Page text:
A former aircraft engineering lecturer has lost his claim for unfair dismissal in the Employment Tribunal after he was fired because the college he was working for discovered that he was offering services in competition with the college.
Mr Daniel Olufisan commenced employment with Perth College, which is part of the University of the Highlands and Islands, as a lecturer in aircraft engineering. However, he also, at some point after joining the college, set up his own company – Wing Engineering Limited – which offered services in competition with the college’s activities and was also in breach of the college’s rules.
Mr Olufisan’s potential breach of his contract of employment came to light after he had attended a Royal Aeronautical Society (“RAS”) conference. The college had given Mr Olufisan paid time off work to visit this conference and was concerned when it later read in the journal of the RAS that he was listed as “Daniel Olufisan of Wing Engineering”. An investigation was subsequently set up into the matter and it was alleged that Mr Olufisan had pursued his own business in the college’s time, that he was directly competing with the college, that he had used college materials for his own purposes and that he had also used the college’s intellectual property rights for his own business. Mr Olufisan was subsequently dismissed for gross misconduct after it was found that he had fraudulently breached the implied term of mutual trust and confidence that exists between an employer and an employee.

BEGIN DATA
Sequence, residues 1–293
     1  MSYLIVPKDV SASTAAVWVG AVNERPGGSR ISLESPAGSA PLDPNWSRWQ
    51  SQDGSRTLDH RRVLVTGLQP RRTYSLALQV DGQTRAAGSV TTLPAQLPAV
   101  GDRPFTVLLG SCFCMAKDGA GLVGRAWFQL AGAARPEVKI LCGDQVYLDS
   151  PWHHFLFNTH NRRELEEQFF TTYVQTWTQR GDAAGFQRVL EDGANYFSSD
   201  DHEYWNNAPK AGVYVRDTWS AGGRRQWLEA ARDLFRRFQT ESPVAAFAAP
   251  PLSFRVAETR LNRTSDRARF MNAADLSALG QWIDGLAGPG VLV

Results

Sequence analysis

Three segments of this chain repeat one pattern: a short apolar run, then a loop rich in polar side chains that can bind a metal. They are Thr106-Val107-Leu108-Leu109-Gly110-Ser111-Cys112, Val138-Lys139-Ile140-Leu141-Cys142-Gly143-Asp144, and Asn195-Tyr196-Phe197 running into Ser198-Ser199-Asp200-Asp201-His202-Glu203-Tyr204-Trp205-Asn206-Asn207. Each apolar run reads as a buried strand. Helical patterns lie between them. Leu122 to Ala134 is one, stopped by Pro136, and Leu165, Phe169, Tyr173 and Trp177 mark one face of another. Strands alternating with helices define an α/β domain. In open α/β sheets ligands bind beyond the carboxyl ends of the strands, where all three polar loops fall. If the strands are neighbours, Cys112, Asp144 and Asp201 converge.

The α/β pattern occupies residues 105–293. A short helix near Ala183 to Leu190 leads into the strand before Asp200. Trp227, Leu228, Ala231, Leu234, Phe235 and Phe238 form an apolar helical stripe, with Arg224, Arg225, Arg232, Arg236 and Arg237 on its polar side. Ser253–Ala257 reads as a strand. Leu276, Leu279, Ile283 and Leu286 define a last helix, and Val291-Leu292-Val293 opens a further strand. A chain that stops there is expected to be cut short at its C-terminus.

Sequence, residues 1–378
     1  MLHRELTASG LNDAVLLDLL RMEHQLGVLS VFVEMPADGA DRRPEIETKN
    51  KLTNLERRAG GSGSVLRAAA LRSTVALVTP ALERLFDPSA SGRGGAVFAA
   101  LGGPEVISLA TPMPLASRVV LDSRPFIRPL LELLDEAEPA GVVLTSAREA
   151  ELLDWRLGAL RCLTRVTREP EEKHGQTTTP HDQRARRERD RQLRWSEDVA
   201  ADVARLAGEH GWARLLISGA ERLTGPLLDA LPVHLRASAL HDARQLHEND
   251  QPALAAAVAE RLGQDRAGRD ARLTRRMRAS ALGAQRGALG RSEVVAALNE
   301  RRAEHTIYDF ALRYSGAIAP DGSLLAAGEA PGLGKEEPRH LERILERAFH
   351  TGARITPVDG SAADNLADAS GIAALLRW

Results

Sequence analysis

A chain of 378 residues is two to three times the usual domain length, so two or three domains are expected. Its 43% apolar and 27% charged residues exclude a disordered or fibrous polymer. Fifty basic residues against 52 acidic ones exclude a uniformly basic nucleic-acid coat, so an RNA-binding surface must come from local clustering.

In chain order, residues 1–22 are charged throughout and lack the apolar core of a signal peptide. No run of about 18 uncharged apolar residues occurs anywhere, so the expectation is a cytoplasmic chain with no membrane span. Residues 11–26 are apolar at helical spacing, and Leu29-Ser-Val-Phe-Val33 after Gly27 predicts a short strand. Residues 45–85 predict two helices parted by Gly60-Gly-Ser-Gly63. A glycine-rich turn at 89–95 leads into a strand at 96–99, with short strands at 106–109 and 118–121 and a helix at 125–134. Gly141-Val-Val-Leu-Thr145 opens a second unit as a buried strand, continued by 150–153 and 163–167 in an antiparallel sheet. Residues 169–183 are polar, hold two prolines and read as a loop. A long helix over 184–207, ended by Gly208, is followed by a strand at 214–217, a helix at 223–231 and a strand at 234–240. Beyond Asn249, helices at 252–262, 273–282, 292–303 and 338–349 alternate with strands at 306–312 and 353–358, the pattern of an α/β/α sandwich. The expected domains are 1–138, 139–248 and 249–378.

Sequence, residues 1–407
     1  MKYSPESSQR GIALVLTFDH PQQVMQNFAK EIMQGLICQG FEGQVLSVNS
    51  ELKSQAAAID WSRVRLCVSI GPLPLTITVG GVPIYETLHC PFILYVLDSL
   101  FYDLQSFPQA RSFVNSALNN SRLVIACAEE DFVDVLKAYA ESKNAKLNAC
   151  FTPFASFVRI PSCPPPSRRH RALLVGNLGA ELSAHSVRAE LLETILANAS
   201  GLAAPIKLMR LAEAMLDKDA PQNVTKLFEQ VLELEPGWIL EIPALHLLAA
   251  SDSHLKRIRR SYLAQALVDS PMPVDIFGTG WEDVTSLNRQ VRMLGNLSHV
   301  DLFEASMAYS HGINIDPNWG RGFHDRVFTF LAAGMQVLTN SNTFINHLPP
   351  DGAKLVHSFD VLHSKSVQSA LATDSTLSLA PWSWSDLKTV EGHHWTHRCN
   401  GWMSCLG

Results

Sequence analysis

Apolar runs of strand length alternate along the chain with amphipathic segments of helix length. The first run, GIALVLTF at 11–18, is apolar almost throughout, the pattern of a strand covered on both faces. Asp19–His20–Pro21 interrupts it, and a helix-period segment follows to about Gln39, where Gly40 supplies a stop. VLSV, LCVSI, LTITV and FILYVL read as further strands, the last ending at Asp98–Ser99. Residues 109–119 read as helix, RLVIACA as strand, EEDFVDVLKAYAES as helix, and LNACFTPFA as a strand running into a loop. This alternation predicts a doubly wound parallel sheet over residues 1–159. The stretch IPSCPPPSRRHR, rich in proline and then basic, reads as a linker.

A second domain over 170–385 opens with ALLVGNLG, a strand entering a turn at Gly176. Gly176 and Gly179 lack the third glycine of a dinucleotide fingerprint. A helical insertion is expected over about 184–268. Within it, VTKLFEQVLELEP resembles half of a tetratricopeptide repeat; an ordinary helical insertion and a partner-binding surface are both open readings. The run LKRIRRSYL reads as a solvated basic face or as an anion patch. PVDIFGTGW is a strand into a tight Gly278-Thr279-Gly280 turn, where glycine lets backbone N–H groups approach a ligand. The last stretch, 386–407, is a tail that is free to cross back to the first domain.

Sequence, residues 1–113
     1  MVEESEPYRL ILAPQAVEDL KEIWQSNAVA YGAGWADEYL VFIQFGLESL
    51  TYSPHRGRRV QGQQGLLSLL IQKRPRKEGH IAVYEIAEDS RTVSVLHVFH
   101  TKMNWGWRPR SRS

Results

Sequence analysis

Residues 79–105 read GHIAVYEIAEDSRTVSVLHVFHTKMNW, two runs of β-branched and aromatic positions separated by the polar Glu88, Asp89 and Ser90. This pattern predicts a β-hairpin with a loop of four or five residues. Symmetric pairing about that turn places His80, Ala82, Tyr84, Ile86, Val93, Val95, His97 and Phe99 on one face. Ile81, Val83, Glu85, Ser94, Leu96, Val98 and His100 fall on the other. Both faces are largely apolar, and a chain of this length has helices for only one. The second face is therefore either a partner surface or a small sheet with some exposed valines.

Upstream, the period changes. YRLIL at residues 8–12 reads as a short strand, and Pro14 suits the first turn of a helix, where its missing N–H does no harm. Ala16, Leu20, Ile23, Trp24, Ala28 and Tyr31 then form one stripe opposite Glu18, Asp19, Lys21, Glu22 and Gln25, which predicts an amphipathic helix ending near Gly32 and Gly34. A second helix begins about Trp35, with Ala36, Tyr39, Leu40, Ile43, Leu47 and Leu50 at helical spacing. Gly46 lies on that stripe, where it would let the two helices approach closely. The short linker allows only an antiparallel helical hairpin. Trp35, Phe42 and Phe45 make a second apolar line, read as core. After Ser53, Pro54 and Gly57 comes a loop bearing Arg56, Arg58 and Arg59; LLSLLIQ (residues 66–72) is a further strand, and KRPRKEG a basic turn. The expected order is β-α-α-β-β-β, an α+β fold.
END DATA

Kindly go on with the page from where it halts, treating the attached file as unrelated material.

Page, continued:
After being dismissed, Mr Olufisan subsequently brought an Employment Tribunal claim for unfair dismissal and the case came before the Employment Tribunal earlier this month. The Employment Judge who chaired the hearing dismissed Mr Olufisan’s claim, stating that the college had conducted a reasonable investigation and that it had not made a decision which was outside of the range of reasonable responses in dismissing him.